As we stated above ( see p. 1080), appellants' selection of a general purpose computer and digital data processing techniques to implement the processes does not determine whether these claimed processes are statutory. Since the claims before us do not merely recite mathematical formulas or methods of calculation, we reverse the board's decision that claims 1-21 in Appeal No. 76-719 are nonstatutory.
The Solicitor argues in his supplemental brief that the claims at issue are not statutory subject matter because they are computer programs and computer programs are not patentable under Benson and Flook. This broad statement is not at all germane to the considerations before this court and is an erroneous statement of the law. We stated in In re Chatfield, 545 F.2d supra at 155, 191 USPQ at 733, that "the mere labeling of an invention as `a computer program' does not aid in decision making" and the Supreme Court declined to decide either Benson or Flook on such broad, non-substantive grounds but rather considered the specific recitations in the claims. There is no reason for the Solicitor or the PTO to shortcut the analytical framework set forth in Benson, Flook, and decisions of this Court by relying on unfounded generalities.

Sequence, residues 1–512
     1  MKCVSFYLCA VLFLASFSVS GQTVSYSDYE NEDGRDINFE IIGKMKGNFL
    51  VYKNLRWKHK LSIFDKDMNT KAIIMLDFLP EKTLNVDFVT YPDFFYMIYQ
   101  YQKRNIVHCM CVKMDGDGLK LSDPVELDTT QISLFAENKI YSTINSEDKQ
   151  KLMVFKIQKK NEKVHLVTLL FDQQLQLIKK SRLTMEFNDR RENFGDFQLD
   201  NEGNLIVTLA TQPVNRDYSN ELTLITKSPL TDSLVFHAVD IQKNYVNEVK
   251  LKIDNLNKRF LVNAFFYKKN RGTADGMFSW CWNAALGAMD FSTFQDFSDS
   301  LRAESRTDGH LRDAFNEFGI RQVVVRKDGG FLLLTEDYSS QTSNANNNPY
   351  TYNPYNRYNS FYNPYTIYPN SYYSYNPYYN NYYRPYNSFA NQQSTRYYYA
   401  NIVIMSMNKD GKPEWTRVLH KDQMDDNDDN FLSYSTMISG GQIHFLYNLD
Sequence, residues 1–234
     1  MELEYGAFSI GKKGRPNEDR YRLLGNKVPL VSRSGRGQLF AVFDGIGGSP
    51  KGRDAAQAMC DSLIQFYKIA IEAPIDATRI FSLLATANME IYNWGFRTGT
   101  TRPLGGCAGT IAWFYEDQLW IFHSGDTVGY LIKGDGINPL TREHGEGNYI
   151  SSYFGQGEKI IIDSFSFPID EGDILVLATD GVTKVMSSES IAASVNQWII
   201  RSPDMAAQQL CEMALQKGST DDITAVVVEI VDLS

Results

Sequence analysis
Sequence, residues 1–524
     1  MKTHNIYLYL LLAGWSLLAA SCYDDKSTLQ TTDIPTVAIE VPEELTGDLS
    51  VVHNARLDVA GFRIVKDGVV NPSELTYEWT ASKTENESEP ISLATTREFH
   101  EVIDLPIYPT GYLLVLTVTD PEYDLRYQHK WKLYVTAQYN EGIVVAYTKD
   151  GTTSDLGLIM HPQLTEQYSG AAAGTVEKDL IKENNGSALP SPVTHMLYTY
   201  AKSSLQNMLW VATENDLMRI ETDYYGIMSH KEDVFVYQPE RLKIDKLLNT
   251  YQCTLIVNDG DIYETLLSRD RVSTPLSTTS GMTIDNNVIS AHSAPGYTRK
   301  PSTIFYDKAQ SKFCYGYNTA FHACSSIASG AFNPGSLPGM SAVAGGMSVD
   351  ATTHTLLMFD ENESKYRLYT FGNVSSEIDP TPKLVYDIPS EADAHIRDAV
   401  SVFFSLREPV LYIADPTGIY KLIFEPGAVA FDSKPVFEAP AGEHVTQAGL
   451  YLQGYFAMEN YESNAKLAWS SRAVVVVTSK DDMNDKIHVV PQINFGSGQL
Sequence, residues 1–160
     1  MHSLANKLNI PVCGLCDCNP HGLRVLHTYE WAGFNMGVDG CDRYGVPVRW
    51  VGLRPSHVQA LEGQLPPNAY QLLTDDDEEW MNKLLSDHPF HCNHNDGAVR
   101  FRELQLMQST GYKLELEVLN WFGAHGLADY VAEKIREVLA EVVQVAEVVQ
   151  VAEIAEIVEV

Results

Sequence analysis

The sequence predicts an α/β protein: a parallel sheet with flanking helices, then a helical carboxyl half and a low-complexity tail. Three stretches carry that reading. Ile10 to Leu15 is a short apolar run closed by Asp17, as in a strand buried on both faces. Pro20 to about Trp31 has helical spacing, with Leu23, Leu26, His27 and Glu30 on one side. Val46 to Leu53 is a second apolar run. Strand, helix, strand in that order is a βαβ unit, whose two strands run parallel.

Very simply, our decision today recognizes that modern technology has fostered a class of inventions which are most accurately described as computer-implemented processes. Such processes are encompassed within 35 U.S.C. § 101 under the same principles as other machine-implemented processes, subject to judicially determined exceptions, inter alia, mathematical formulas, methods of calculation, and mere ideas. The overbroad analysis of the PTO errs in failing to differentiate between a computer program, i. e., sets of instructions within a computer, and computer-implemented processes wherein a computer or other automated machine performs one or more of the recited process steps. This distinction must not be overlooked because there is no reason for treating a computer differently from any other apparatus employed to perform a recited process step.